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GW Bush hates Santa

Old 12-24-07, 06:13 PM
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GW Bush hates Santa

Saw this on Digg...

37,000 Americans asked CCR to send a copy of the U.S. Constitution to George W. Bush as an early holiday present in the hope that he might actually read it. Santa made the trip down from the North Pole in his sleigh to try to deliver the law.

http://ccrjustice.org/learn-more/vid...titutions-bush
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Old 12-24-07, 06:25 PM
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If George really hated Santa, we'd be having another successful test of the Missile Defense System tonight.
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Old 12-24-07, 06:37 PM
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Didn't plan ahead enough to have somebody like the...ohh, I don't know... the US Postal Service deliver it?
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Old 12-24-07, 06:40 PM
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Originally Posted by OldDude
If George really hated Santa, we'd be having another successful test of the Missile Defense System tonight.
He subbed it out to the private sector
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Old 12-24-07, 06:46 PM
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CCR? You mean John Fogerty took time out of his schedule to do this?
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Old 12-24-07, 07:11 PM
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you're from NYC, explains the thread
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Old 12-24-07, 09:03 PM
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You mean W can read??
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Old 12-24-07, 09:06 PM
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Only upside-down, if you recall the photochopped picture.
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Old 12-25-07, 11:11 PM
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Ah, the old claim that he is not following the costitution from those who generally want to do away with gun ownership, only they will say that is what the constitution really meant, etc.
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Old 12-26-07, 07:39 AM
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Originally Posted by kvrdave
Ah, the old claim that he is not following the costitution from those who generally want to do away with gun ownership, only they will say that is what the constitution really meant, etc.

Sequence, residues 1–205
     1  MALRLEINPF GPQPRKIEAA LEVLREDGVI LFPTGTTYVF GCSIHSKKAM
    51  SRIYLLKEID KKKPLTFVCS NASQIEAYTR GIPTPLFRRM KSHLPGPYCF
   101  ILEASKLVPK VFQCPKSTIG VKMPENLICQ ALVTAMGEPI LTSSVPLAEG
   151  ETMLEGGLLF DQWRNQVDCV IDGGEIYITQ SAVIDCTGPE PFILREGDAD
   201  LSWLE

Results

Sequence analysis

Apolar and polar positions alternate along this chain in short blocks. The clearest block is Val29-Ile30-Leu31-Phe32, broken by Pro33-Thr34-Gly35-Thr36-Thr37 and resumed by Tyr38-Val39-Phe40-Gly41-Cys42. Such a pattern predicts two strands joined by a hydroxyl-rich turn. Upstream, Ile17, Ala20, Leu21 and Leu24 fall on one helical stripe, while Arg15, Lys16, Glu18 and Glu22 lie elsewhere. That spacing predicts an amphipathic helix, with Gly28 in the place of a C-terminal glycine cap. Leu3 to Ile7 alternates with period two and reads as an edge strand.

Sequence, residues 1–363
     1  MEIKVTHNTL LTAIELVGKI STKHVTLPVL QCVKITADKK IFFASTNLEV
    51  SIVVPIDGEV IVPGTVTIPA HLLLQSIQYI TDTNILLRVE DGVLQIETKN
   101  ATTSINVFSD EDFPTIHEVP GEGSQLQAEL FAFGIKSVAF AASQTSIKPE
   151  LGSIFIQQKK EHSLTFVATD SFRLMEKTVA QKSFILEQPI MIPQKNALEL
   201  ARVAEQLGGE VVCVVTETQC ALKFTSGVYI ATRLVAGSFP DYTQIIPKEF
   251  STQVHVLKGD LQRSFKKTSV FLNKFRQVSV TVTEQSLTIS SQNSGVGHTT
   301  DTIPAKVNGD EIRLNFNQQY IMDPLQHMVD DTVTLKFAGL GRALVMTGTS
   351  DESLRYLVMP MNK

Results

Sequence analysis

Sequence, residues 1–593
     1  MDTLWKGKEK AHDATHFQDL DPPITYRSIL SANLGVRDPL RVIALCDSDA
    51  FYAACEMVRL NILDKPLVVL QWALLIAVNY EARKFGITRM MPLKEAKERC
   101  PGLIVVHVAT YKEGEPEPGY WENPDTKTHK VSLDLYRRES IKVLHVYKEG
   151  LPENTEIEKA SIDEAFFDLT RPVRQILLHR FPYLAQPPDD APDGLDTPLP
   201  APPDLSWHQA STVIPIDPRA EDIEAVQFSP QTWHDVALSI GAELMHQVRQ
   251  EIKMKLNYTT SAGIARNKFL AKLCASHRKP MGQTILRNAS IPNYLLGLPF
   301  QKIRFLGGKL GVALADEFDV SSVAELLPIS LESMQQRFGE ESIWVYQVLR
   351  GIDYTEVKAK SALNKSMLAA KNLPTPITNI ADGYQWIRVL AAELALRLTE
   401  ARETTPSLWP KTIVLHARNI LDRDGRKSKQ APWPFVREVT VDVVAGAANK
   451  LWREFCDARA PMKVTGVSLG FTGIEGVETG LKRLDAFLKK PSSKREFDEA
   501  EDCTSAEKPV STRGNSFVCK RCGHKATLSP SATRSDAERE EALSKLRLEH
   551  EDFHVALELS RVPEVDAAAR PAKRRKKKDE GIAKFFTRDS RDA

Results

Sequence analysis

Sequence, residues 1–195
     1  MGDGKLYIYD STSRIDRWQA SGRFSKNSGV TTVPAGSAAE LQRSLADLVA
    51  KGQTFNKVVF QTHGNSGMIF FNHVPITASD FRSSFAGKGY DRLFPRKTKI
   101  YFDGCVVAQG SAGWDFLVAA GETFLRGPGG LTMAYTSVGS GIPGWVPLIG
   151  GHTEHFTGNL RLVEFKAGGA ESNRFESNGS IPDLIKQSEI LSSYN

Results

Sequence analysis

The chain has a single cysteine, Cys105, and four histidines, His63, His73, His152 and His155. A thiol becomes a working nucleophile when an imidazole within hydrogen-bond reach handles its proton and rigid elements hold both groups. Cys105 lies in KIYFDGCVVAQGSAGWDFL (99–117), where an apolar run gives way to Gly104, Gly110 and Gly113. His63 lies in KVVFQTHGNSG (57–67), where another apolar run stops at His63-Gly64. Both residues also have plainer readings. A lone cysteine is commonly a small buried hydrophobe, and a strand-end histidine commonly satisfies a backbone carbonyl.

Agreed. If people feel strongly enough about something that is contradicted by the Constitution, they should work towards changing it. It allows change, provided that enough people agree that it should be changed.

Linkage: http://www.constitution.org/cons/constitu.htm#con5
Originally Posted by Article V, US Consitution
The Congress, whenever two thirds of both Houses shall deem it necessary, shall propose Amendments to this Constitution, or, on the Application of the Legislatures of two thirds of the several States, shall call a Convention for proposing Amendments, which, in either Case, shall be valid to all Intents and Purposes, as Part of this Constitution, when ratified by the Legislatures of three fourths of the several States, or by Conventions in three fourths thereof, as the one or the other Mode of Ratification may be proposed by the Congress.
This applies equally well to adding new Amendments, canceling previous Amendments, or adding wording to "clarify" the intent of an already existing Amendment. Just propose an Amendment via your elected representative and then work towards seeing that it is ratified by your fellow citizens. If people are unwilling or unable to work within the system - a system that is specifically designed to accomodate this type of change - then they should shut the fuck up, IMO.
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Old 12-26-07, 09:29 AM
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Originally Posted by kenbuzz
Agreed. If people feel strongly enough about something that is contradicted by the Constitution, they should work towards changing it. It allows change, provided that enough people agree that it should be changed.

Linkage: http://www.constitution.org/cons/constitu.htm#con5
This applies equally well to adding new Amendments, canceling previous Amendments, or adding wording to "clarify" the intent of an already existing Amendment. Just propose an Amendment via your elected representative and then work towards seeing that it is ratified by your fellow citizens. If people are unwilling or unable to work within the system - a system that is specifically designed to accomodate this type of change - then they should shut the fuck up, IMO.